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New EDC study shows 4,300-unit housing shortage in B-N

Housing is at a premium in Bloomington-Normal and will remain so for some years according to a new study by the Economic Development Council.
Housing is at a premium in Bloomington-Normal and will remain so for some years, according to a new study by the Economic Development Council.

There have been anecdotal reports of a housing shortage in the Twin Cities for years. Now, the Bloomington-Normal Economic Development Council has a new analysis that shows the shortage is significant and has grown since the last study done five years ago.

“We're looking at least 4,300 units. And that's based off of population projections before Rivian ramped up,” said EDC director Patrick Hoban. “Speaking with our Realtors Association, there's only nine homes on the market under $300,000, at the moment.”

Hoban said the shortage has forced more people to rent, which has a spinoff effect because there's also a shortage of upscale apartments.

"If you look at us and other markets, we have things like Ironwood Gardens, which is really nice, but having more of those types of units in the community would lead us to have more people in the rental side ... What they're doing now is renting single-family homes. Our rate of single-family home rental growth has actually doubled the national average,” Hoban said on WGLT's Sound Ideas.

The study shows from 2010 to 2020 , the national growth of home rental was 20% and in Bloomington-Normal it was 40%, or an extra 1,157 rentals, for a total of 4,100 home rentals in the metro area.

Hoban said there has been a shortage at least since 2010, but until recently developers weren't confident enough in the economy to build more. He said the purpose of the study is to prove to developers that there is a market for condos and upscale apartments and to get them to build that kind of housing stock to add to the inventory that dates to the 1980s or before.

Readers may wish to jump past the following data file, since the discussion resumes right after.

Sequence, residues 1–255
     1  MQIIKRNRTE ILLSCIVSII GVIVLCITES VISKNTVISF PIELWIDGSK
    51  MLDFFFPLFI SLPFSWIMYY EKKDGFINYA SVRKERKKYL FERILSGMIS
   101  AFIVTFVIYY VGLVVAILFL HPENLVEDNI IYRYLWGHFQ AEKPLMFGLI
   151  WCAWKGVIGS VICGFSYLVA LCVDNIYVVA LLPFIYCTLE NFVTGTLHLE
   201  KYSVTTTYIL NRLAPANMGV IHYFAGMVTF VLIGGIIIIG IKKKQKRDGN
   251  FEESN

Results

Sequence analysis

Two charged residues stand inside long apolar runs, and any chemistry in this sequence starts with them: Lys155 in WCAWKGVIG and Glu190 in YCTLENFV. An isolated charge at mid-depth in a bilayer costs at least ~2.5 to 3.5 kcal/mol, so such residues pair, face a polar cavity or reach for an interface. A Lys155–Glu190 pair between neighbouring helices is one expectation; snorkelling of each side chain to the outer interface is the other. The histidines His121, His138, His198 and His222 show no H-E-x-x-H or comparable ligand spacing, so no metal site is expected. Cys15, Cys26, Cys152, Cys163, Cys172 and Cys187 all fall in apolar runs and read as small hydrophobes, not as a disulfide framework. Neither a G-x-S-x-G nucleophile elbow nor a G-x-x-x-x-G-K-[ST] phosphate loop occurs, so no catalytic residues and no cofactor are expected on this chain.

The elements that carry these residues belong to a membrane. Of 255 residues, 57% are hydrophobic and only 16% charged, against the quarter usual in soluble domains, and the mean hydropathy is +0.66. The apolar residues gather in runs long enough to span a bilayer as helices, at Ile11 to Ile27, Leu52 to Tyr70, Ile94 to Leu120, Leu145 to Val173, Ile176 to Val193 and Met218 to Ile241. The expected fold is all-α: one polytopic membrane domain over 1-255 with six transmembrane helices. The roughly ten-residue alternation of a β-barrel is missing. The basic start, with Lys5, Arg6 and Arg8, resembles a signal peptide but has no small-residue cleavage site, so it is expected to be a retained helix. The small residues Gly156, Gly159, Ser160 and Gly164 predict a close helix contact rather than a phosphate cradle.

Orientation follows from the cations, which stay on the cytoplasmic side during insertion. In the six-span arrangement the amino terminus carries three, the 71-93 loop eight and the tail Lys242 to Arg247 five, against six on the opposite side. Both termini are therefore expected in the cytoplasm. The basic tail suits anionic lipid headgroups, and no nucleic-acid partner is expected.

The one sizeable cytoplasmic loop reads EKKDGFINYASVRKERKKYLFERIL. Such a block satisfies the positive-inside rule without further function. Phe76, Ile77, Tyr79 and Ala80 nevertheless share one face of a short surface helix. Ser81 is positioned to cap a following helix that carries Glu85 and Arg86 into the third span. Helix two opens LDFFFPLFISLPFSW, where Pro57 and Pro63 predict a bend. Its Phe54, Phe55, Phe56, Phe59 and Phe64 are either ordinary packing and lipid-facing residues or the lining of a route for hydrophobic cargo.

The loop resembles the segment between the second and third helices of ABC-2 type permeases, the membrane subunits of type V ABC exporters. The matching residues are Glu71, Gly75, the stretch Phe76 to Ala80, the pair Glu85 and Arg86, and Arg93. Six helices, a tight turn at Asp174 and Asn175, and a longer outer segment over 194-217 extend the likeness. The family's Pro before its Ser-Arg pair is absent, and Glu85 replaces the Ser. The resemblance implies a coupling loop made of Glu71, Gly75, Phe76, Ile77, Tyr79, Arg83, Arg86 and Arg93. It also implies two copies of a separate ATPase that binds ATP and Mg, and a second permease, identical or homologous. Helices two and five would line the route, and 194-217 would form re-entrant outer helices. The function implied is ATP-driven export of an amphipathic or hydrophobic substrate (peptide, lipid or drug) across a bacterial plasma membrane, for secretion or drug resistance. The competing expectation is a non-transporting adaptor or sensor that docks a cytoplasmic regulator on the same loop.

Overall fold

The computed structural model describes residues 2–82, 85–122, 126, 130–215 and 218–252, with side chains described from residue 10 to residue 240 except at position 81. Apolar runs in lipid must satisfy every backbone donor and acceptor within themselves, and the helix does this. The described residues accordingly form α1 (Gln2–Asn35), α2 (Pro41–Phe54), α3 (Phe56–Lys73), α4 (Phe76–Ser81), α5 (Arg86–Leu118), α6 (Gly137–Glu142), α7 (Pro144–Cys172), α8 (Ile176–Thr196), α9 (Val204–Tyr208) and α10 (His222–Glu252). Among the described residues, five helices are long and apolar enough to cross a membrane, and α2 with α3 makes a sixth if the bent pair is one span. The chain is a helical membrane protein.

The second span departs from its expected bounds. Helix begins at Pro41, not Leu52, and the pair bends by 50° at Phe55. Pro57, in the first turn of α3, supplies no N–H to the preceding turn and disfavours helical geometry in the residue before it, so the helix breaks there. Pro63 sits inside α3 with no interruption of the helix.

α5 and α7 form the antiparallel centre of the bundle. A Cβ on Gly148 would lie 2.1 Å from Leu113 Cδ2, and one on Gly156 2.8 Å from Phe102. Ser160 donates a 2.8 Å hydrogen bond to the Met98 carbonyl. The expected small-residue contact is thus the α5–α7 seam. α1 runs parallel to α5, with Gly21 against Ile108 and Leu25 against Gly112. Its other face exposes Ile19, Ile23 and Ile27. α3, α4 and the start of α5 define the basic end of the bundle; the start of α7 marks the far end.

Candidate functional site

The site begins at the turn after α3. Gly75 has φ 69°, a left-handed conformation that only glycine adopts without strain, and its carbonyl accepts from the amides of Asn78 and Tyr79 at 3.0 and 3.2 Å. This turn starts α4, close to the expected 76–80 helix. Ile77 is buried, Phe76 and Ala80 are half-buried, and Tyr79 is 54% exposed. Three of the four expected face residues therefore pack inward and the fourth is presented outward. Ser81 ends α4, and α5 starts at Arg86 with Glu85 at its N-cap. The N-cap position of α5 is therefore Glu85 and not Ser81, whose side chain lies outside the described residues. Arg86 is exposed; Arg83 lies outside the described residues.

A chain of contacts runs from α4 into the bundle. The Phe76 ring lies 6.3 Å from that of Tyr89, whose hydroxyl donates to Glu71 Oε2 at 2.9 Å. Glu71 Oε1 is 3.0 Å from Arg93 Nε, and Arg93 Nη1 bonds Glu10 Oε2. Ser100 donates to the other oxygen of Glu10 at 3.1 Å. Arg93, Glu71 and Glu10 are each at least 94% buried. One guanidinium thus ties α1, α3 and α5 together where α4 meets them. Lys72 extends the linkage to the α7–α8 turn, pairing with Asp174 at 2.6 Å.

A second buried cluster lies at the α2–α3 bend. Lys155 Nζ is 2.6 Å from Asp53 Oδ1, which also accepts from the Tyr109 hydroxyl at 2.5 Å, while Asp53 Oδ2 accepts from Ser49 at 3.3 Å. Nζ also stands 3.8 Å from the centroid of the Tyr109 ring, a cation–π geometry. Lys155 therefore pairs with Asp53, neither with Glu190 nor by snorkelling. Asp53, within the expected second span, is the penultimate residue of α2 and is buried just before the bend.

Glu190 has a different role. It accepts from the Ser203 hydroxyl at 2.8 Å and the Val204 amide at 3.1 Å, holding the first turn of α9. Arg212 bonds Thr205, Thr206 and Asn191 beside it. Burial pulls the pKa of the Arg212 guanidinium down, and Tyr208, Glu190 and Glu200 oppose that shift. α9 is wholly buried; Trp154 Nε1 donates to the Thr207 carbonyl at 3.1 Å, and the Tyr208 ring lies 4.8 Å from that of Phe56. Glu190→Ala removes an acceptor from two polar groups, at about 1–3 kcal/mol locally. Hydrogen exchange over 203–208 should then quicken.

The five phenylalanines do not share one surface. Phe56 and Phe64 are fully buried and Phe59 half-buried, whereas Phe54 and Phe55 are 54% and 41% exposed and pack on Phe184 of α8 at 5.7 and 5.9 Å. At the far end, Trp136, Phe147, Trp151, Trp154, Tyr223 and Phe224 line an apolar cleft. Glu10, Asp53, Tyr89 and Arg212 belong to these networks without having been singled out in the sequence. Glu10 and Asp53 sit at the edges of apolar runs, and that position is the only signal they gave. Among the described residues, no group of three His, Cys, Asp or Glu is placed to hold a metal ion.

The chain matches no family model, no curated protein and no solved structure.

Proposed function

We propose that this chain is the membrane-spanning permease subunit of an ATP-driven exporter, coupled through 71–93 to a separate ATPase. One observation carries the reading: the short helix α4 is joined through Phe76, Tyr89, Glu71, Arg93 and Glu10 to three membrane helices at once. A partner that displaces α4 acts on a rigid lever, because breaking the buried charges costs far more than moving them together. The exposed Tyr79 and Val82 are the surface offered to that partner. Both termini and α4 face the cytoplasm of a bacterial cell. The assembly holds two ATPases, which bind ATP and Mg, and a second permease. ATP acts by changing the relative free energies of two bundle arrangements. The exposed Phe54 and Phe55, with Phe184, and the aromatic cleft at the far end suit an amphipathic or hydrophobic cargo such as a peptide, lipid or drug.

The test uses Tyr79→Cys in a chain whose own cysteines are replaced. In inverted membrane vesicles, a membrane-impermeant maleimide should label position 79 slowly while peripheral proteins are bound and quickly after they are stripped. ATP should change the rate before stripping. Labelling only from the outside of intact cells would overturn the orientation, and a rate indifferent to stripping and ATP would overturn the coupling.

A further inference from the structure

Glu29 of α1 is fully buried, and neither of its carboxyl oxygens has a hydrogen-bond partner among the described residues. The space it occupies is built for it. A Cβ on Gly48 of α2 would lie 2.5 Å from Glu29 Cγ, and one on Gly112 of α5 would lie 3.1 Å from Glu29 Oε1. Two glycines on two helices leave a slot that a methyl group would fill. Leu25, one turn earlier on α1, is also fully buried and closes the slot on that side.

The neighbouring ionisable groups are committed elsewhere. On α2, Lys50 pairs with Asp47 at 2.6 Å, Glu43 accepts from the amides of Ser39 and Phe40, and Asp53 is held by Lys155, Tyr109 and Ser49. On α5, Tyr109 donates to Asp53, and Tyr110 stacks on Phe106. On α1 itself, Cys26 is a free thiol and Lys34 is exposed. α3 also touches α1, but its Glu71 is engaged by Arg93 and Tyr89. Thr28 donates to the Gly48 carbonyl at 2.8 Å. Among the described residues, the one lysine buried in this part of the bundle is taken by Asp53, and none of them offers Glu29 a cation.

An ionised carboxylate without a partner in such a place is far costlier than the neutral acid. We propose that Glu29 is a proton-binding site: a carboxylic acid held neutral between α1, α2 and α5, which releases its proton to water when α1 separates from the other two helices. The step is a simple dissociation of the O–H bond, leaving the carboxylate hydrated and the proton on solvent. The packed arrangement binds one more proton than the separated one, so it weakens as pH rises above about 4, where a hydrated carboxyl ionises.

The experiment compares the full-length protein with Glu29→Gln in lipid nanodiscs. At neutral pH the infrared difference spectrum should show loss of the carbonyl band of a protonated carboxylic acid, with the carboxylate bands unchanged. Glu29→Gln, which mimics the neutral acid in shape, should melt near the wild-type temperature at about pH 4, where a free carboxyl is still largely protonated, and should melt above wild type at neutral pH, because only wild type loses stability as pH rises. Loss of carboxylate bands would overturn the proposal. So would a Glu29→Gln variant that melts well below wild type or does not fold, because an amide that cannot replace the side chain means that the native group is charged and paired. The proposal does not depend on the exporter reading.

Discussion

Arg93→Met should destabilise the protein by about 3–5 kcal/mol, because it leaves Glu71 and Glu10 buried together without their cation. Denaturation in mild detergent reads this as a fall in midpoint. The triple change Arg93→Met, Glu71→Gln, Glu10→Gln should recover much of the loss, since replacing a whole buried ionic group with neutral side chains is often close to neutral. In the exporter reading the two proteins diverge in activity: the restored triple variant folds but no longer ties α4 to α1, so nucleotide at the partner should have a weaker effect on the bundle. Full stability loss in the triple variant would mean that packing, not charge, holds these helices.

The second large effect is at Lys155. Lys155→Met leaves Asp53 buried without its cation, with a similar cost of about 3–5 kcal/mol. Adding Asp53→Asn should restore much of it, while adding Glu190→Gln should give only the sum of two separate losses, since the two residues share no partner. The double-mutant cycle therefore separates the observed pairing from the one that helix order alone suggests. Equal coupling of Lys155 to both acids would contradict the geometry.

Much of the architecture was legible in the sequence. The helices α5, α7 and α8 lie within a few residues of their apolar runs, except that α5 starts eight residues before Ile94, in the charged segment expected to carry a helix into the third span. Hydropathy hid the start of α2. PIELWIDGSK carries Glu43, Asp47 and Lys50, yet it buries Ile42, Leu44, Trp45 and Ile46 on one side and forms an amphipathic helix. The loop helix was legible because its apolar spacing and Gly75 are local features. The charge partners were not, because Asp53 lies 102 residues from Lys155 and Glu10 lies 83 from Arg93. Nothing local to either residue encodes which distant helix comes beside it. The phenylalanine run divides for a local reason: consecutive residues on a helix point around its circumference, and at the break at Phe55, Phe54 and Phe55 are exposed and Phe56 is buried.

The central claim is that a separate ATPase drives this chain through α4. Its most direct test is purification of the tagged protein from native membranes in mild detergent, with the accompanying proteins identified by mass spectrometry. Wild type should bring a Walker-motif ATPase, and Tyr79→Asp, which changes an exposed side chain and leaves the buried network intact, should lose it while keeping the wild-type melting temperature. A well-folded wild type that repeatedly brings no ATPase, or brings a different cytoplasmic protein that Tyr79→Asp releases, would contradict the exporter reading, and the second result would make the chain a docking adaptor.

Normally, the EDC does not deal with housing issues. But Hoban said it is contributing to a workforce problem.

“Because of challenges to workforce attraction and retention, we know that we have to hopefully promote diversifying the housing we have here in order to get more workers into the area,” he said.

More diverse housing also gives people more choices.

“We know anecdotally there are people coming from the East Coast and West Coast and buying some large 4-5 bedroom homes, just because they can, not necessarily because they need it. And it's more because we do not have the upscale amenities for them to rent or even purchase condos,” said Hoban.

The longer-term solution is to build more, though rising construction costs, supply chain issues, and rising interest rates are complicating that process. The Twin Cities is seeing some of the subdivisions that went dormant following the Great Recession now building out, though that does not necessarily address the need for more diverse housing stock, Hoban pointed out. A shorter-term solution is rehab and reuse of blighted properties.

“Supplies are in such demand right now, getting a new greenfield development will be more of a challenge compared to renovating say, a warehouse district or some of the buildings we already have in Uptown and downtown and converting those into residential because the materials are already there,” said Hoban.

Hoban also noted Illinois State University's plan to build a new 1,200-bed residence hall eventually will lessen pressure on home rentals and allow some workers coming to the community to rent homes around the university — once there is room for more students on campus.

He said the study data also makes the case for more infill instead of building on greenfield sites.

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